Browsing by Author "Ogilvie, Jae, James"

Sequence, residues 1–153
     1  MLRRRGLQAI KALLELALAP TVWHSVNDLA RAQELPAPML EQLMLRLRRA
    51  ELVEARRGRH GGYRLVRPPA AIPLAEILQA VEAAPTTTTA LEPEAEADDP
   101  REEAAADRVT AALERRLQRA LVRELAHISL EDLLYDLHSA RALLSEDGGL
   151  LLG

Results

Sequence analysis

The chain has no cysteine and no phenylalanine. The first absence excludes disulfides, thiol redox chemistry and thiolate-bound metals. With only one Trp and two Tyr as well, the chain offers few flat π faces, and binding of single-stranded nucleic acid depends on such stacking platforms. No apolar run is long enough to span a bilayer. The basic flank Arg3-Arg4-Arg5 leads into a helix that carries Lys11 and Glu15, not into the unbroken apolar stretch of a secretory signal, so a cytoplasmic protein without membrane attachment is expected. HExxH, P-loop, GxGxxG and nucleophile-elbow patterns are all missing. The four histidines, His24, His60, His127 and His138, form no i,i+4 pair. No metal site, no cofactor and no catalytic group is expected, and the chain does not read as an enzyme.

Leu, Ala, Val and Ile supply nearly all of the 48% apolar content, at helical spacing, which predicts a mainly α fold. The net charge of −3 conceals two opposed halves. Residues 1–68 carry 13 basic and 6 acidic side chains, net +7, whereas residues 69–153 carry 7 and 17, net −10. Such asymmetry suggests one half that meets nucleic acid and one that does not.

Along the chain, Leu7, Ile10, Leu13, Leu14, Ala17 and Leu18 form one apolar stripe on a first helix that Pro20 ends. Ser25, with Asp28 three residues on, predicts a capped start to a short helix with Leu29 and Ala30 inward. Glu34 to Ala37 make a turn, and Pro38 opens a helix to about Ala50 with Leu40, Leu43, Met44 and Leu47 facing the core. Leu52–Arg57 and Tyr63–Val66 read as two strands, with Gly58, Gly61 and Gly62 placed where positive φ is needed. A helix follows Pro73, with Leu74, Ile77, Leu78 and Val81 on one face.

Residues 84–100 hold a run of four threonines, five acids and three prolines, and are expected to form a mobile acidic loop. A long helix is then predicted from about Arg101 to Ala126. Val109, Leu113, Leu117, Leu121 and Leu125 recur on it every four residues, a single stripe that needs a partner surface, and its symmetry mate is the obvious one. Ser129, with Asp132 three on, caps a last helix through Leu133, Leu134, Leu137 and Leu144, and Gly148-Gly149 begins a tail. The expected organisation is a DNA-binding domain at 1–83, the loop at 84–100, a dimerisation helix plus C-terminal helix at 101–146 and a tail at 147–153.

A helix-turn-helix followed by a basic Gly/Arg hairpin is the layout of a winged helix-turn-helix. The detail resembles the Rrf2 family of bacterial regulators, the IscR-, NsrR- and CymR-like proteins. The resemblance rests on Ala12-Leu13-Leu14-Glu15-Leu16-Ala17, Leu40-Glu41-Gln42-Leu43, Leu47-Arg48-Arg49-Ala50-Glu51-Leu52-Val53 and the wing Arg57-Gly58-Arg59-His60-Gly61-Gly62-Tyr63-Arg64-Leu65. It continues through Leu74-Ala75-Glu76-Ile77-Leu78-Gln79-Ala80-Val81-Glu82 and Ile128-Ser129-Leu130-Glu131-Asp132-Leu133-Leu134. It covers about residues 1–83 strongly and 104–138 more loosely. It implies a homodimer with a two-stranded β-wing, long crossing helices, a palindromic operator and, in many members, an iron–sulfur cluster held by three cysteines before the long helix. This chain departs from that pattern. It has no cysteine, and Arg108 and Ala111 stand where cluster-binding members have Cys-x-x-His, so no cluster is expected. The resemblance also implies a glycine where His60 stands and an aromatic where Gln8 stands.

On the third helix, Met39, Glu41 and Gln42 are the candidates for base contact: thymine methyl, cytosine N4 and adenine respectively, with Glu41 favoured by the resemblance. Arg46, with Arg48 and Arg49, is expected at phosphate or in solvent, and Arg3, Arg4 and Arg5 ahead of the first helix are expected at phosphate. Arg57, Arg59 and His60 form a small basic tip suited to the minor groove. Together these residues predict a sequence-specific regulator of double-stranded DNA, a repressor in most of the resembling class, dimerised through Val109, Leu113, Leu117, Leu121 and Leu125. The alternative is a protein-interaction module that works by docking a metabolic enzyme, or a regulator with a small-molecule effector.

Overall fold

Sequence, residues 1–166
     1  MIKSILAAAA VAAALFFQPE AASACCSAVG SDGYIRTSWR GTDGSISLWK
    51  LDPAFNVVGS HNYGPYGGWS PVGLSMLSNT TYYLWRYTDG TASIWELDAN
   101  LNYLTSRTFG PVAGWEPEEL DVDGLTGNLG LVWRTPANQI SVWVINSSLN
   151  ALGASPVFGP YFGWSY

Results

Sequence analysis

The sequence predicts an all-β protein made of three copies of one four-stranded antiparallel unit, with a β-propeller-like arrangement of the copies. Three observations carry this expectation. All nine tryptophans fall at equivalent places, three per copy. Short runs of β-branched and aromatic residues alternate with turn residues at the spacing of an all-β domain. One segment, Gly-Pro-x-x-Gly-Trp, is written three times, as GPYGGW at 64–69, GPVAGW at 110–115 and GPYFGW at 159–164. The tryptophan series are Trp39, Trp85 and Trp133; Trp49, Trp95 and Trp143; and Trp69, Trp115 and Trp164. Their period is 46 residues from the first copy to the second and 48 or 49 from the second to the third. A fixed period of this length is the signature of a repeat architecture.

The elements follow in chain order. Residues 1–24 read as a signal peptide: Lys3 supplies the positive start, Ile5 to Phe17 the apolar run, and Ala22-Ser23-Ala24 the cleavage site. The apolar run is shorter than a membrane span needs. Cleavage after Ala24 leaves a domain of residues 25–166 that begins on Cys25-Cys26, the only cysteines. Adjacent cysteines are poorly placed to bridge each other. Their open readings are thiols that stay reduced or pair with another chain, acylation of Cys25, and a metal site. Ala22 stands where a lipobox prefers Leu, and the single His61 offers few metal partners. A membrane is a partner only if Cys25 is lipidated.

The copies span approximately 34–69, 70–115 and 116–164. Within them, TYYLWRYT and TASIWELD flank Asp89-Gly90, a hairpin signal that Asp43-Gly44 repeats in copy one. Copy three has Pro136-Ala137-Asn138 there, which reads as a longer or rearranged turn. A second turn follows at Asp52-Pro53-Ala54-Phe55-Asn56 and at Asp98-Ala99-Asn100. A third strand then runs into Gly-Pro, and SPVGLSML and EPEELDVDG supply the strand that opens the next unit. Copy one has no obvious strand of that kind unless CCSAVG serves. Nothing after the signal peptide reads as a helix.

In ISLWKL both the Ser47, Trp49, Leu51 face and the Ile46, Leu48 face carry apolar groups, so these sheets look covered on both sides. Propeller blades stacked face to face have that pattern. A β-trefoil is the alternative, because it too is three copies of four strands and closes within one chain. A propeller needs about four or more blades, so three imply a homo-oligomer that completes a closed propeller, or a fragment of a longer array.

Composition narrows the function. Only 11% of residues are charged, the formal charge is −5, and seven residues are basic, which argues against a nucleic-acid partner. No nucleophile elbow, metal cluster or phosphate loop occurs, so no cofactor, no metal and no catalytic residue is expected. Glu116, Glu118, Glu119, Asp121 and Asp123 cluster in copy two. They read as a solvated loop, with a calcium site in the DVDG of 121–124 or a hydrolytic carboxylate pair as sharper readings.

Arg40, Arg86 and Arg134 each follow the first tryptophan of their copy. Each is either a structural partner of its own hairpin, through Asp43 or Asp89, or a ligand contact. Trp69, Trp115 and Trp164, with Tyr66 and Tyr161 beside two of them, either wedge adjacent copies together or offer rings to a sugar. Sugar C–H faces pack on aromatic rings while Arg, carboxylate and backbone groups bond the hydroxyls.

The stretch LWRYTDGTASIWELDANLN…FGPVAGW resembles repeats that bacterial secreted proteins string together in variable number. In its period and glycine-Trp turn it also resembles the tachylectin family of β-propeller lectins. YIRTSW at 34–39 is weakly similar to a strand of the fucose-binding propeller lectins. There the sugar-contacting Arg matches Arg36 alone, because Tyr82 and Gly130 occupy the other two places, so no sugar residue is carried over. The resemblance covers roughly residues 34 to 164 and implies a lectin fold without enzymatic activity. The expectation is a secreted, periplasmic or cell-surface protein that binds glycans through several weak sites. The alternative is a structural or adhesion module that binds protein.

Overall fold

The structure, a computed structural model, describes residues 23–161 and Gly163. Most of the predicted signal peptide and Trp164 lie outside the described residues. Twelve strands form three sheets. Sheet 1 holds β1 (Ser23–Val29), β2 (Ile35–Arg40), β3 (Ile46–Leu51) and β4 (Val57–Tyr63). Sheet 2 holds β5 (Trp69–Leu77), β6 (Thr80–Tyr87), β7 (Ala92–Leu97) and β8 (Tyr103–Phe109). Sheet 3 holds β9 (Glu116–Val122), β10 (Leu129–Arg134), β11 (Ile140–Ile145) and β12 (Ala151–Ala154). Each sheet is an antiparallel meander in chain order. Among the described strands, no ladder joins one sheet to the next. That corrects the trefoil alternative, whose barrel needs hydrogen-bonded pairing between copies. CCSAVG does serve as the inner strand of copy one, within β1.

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ItemFlow-line and wet-areas conformance testing of wetland locations using LiDAR and SRTM elevation data(University of New Brunswick, 2017) Ogilvie, Jae, James; Arp, PaulThis thesis reports on discerning flow networks and wetland borders across forested lands using digital elevation models (DEMs) and Light Detection and Ranging (LiDAR)- generated point cloud data for two contrasting forest zones. This selection refers to the boreal forest zone in northern Alberta’s Ecosystem Management Emulating Natural= Disturbance (EMEND) study area, north of Peace River, and to the temperate forest zone typical of the Acadian Forest in central New Brunswick, as represented by the University of New Brunswick forest in Fredericton (UNB Forest) study area. The DEMs refer to globally available Shuttle Radar Topography Mission (SRTM) elevation rasters with 30 and 90 m spatial resolution, and bare-earth DEMs generated from classified LiDAR point cloud data, interpolated at 1 metre (m) and resampled at 10 m and 30 m spatial resolutions. The methodology involves comparing how DEM-delineated flow-line and wetland border predictions at 1, 10, 30 and 90 m spatial resolution relate with corresponding infield GPS-tracks. It was found that wetland delineations were best when using a combination of DEM-generated wet area model thresholds pertaining to: DEM resolution at 1 m spatial resolution; cartographic depth-to-water index (DTW) < 1 m with flow lines formed at a 4 hectare (ha) minimum upstream contributing area threshold and presence of LiDAR-discerned hydrophytic vegetation patterns, as in raised bogs. The resulting best fitted wetland borders conformed to the GPS-tracked borders within ±20 m nine times out of ten, while false positive and false negative wetland area determinations dropped below 20%. Flow-line locations were best derived from the 1m LiDAR DEMs once hydroconditioned through general depression and road-specific breaching. Flow-line and wetland-border differences between the EMEND and UNB Forest delineations were mainly due to sharper wetland-upland transitions and deeper incision of ephemeral, intermittent and permanent flow channels on rugged (UNB Forest) as opposed to flat terrain (EMEND).